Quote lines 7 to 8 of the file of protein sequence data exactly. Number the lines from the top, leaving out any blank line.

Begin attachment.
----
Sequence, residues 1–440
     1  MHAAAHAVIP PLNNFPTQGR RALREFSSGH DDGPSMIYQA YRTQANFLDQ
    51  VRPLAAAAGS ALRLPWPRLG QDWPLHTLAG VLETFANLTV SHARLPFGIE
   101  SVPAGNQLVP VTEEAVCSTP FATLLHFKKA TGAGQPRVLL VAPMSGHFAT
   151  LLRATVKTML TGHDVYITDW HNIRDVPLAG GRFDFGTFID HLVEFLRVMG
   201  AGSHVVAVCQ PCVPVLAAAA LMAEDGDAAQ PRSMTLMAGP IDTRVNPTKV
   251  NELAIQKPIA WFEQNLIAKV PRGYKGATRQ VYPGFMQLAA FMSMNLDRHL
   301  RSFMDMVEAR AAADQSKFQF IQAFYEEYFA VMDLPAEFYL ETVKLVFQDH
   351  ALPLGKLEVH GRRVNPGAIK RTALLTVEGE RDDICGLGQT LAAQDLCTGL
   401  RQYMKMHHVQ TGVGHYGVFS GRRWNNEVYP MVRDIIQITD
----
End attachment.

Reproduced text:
   251  NELAIQKPIA WFEQNLIAKV PRGYKGATRQ VYPGFMQLAA FMSMNLDRHL
   301  RSFMDMVEAR AAADQSKFQF IQAFYEEYFA VMDLPAEFYL ETVKLVFQDH